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Massage Basics 101: Don't Get Rubbed the Wrong Way

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By    |   Tuesday, 12 Sep 2017 01:11 PM

Having a massage isn’t just a luxury for the pampered set. For many folks it’s how they regularly de-stress, improve circulation, and ease their aching muscles. But numerous studies also show the health benefits of healing touch go far beyond soothing aches and pains.

“There are various massage techniques that can enhance your immune system, provide skeletal-muscular care, improve skin tone and circulation and improve psychological and emotional well-being,” says Rebekah Frizzelle-Owens, a board-certified therapeutic massage therapist who teaches the science of massage at the Center for Integrative Medicine at the University of Maryland School of Medicine.

Statistics show that 15 percent of Americans receive at least one massage annually with 54 percent doing so for medical or health reasons. A full 92 percent believe it can be an effective tool in reducing pain and 23 percent use massage for stress reduction and relaxation.

“Once you’ve decided to add massage care to your healthy life practice, find someone you are comfortable with,” notes Kat Farber, LMT, a certified aroma therapist who has a clinical massage practice in Memphis focusing on oncology massage, auto-immune disorders, and pain management.

Both Frizzelle-Owens and Farber tell Newsmax Health that you may have to try a few massage therapists to find one who shares your philosophy of care and puts you at ease to reach your therapeutic goals.

“Also, check with your healthcare practitioner before getting a massage if you suffer from blood clots, certain cardiac conditions, local or systemic infections, infectious skin diseases, or other contagious illnesses,” notes Frizzelle-Owens.

Here are five of the most popular types of massage techniques and their health benefits:

Swedish massage. Probably the most common, this type of massage is designed to relax the body and increase circulation. It focuses on the skin and superficial layers of muscle while the therapist tends to bring blood flow to the heart. The benefits include general relaxation, improved circulation, dissolution of scar tissue, and reduction of swelling from injuries.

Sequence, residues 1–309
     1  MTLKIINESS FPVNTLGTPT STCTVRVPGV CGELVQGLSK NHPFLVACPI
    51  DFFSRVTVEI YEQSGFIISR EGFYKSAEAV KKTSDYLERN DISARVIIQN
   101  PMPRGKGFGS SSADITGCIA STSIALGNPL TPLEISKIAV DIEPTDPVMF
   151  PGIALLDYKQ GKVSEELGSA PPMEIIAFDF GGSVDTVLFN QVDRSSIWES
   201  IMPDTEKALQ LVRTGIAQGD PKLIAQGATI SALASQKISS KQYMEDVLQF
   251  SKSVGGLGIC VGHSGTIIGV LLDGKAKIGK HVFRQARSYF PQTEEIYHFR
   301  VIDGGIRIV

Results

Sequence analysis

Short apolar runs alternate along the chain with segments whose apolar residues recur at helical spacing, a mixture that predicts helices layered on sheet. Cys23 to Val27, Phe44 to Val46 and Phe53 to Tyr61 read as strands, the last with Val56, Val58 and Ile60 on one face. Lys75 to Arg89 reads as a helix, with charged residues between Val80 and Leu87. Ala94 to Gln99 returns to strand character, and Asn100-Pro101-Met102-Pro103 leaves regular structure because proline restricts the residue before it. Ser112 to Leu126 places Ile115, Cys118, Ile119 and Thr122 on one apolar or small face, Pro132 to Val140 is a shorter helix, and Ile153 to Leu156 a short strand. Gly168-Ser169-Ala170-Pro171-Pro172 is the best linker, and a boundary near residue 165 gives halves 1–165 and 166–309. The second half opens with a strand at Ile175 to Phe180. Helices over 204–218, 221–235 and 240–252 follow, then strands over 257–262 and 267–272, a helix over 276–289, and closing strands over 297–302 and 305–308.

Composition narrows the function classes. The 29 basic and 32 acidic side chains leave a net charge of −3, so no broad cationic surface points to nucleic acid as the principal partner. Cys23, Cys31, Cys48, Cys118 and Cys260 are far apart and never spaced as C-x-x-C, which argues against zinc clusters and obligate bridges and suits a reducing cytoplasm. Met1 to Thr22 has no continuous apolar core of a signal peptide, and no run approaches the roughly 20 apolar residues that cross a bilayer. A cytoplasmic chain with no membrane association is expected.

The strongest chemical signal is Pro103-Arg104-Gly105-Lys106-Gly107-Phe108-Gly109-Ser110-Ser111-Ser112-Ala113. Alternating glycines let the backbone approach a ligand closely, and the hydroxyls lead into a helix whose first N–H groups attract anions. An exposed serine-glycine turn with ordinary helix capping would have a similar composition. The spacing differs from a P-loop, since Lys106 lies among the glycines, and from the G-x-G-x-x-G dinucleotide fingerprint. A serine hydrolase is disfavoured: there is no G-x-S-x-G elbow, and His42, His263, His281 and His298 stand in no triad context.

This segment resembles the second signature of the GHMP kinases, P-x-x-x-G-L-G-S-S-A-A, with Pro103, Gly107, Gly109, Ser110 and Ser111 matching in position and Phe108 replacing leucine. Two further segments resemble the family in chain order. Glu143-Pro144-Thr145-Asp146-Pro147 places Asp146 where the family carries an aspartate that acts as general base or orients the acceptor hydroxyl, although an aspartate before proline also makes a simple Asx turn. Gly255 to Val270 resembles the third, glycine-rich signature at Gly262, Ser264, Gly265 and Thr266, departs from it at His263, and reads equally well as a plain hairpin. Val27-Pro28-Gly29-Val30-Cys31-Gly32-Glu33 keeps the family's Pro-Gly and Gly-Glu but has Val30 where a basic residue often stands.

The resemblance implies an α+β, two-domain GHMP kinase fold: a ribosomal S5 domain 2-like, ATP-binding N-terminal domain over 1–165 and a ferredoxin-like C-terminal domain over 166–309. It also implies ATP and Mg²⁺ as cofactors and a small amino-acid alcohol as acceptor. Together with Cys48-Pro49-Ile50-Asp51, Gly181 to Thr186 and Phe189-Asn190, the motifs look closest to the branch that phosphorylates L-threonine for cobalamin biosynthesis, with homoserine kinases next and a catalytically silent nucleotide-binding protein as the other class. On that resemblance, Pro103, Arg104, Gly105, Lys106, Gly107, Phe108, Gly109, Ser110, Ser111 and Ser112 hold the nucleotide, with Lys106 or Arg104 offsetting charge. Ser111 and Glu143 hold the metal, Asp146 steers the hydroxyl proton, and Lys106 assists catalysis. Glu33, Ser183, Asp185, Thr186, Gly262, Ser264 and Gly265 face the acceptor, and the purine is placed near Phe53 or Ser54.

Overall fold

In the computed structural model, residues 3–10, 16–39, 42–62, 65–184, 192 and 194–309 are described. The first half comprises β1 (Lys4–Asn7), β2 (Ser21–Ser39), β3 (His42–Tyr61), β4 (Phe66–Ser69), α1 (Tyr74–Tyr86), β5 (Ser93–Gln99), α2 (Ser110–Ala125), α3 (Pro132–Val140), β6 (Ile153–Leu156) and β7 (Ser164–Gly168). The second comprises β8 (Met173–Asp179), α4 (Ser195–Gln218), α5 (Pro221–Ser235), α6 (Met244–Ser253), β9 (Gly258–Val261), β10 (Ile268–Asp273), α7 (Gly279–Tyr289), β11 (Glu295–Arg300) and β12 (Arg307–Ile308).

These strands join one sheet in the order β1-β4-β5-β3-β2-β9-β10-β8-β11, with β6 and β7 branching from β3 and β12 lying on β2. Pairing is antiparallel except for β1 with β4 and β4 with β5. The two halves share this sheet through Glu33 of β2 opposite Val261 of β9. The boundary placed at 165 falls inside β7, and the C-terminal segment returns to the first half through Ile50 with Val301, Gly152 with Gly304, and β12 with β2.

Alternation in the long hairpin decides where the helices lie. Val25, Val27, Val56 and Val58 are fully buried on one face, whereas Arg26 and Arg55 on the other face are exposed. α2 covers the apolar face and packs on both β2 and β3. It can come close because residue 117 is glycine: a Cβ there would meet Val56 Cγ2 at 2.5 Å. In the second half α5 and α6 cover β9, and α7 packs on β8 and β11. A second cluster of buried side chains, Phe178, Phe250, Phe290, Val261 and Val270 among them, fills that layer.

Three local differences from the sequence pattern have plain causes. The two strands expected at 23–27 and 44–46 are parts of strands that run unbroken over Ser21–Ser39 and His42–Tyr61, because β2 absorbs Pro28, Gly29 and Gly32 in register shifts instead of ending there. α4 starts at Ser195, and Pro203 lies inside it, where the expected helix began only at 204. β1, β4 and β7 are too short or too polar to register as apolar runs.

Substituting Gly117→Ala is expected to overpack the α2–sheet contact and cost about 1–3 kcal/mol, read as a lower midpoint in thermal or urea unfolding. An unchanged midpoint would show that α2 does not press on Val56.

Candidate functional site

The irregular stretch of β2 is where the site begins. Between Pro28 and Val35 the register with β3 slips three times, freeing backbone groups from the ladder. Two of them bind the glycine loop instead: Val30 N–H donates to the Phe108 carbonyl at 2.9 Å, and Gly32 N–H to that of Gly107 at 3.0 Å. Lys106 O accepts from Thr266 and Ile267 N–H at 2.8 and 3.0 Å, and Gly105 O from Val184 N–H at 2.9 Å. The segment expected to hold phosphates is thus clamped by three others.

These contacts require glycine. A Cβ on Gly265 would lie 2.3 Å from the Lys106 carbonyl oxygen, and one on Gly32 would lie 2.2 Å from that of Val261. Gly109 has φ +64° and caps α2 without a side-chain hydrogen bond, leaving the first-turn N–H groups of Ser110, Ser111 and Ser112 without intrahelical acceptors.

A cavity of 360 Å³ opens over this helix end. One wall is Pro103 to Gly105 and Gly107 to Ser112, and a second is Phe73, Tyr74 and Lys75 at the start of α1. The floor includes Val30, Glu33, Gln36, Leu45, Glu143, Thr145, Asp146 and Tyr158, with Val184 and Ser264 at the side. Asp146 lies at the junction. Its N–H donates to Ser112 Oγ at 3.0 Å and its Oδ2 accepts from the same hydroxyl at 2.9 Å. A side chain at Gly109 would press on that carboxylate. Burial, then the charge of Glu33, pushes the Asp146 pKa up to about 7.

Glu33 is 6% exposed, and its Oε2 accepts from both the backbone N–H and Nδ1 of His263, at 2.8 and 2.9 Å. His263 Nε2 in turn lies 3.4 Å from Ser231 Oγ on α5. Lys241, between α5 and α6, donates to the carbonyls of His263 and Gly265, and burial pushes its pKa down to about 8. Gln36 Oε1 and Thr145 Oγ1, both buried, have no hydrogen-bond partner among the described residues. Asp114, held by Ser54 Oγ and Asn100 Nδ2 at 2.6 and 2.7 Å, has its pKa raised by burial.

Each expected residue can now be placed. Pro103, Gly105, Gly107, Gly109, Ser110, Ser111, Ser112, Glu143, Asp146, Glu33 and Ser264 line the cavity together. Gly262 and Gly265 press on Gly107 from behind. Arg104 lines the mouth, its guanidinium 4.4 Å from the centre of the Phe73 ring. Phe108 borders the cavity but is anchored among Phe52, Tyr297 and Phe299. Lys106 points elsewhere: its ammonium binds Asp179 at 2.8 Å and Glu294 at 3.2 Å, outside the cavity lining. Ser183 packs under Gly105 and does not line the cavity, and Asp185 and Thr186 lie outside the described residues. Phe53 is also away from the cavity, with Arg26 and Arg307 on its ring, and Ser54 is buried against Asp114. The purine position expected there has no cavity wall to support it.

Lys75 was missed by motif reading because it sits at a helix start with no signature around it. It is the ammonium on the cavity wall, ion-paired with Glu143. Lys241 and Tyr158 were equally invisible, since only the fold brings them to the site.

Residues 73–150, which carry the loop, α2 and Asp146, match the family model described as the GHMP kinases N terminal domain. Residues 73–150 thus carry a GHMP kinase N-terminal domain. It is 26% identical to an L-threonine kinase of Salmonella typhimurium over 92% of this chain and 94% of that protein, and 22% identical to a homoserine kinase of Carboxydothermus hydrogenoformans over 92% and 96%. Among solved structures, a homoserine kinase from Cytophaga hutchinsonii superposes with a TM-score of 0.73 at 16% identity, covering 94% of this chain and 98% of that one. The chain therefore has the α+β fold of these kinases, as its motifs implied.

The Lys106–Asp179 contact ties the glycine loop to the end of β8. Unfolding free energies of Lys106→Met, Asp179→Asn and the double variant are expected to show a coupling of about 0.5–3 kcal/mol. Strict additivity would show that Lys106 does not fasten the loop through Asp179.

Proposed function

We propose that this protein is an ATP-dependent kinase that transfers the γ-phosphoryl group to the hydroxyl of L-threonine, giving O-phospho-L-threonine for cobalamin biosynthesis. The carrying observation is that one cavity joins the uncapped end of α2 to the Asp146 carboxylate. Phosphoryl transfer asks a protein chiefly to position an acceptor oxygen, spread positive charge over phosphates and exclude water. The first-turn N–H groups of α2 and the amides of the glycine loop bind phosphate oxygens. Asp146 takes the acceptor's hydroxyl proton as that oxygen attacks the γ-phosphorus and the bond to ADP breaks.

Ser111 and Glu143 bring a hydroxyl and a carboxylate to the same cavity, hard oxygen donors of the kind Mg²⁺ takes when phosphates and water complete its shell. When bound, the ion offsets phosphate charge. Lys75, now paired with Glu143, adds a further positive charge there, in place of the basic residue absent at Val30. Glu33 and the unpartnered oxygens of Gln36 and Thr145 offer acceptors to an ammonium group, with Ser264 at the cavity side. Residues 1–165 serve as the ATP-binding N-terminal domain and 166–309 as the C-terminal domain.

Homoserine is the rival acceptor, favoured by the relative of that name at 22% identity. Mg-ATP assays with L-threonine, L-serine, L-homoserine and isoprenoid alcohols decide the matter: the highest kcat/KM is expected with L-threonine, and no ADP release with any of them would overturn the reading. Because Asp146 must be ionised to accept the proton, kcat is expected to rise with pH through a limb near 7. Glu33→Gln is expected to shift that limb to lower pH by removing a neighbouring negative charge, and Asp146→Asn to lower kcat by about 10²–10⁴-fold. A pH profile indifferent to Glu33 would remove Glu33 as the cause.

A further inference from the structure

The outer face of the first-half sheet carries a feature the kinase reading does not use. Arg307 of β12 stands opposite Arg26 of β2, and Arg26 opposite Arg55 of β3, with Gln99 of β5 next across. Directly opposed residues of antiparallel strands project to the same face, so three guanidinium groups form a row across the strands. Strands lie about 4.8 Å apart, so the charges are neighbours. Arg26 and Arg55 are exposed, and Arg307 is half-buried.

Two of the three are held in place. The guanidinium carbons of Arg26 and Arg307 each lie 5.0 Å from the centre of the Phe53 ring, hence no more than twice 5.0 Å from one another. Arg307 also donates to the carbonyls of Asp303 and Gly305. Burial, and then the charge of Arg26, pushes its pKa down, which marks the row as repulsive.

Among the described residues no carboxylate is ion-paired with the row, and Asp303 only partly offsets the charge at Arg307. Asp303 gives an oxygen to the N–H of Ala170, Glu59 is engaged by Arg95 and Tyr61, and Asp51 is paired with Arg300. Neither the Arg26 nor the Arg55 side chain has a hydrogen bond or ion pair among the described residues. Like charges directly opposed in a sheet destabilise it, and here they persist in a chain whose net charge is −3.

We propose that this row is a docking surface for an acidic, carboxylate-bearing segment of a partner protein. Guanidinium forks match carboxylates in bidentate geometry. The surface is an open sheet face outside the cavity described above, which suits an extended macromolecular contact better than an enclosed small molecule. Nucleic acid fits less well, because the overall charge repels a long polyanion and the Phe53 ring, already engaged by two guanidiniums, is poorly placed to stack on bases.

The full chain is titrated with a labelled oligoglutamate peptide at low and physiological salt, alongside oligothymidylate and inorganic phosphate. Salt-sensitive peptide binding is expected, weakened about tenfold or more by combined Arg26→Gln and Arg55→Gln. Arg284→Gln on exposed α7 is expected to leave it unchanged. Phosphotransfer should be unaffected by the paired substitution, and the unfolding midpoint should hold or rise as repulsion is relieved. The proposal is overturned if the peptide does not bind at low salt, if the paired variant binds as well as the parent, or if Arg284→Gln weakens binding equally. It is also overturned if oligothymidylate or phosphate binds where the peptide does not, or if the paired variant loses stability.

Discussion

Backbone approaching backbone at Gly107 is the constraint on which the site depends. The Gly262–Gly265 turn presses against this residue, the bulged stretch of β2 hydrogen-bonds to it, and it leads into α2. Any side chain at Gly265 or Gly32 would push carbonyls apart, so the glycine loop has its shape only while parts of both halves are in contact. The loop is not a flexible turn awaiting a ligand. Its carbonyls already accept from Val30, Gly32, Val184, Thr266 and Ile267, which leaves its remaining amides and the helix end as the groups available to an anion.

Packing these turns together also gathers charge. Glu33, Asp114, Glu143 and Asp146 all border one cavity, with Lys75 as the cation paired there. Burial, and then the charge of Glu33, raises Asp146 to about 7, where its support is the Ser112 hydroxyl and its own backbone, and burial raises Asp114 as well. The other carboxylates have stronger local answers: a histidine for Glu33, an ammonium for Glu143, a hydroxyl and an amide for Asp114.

Deep tissue massage. The therapist will use deeper and slower strokes and friction techniques across the muscles to loosen chronically tight or painful areas. It’s best to have a Swedish massage first so that the muscles are already relaxed. Deep tissue massage can help correct postural problems and reduce inflammation pain caused by arthritis and tendonitis. “You may feel sore for one or two days after the massage,” says Frizzelle-Owens.

Sports massage. Athletes can enhance their performance and prevent injury by having regular sports massages, says Farber. Therapists use a combination of techniques including facilitated stretching. It’s faster than a normal Swish massage and helps to loosen muscles and increase flexibility.

Hot stone massage. This very popular and sensuous massage uses black basalt stones in varying sizes to work out knots in muscles and release muscle tension with gentle pressure applied with Swedish strokes. The heat also encourages blood flow and lymphatic drain. Cold stones may be used to reduce inflammation and are effective in treating sinus headaches.

Myofascial release. The therapist applies sustained pressure and movement into the fascia, the fine tissue that surrounds the muscles and muscle fibers. This helps release areas of restriction and immobility, says Frizzelle-Owens. It also helps relieve cervical pain, back pain, fibromyalgia, scoliosis, neurological dysfunction, restricted movement, headaches and other forms of chronic pain.

“When searching for a massage therapist, always begin with referrals from people in your life who are already receiving massages,” says Frizzelle-Owens.

“There may be some trial and error in the process but don’t get discouraged! Don’t be shy in communicating your needs to the therapist. Let him or her know that the pressure is too soft or too firm. If you need something like water or a blanket to feel warmer, express yourself.

“If you are tense or uncomfortable on the table, this will prevent you from having a great experience. Finding a good therapist and making massage a regular part of your health care routine, can be life altering.”

© 2017 NewsmaxHealth. All rights reserved.

 
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Massage isn't just for folks who like to be pampered. Studies show it can ease stress, improve circulation, and boost immunity, in addition to alleviating aches and pains. But it's important to understand the different techniques and pick one that's right for your needs. Here's a primer.
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2017-11-12
Tuesday, 12 Sep 2017 01:11 PM
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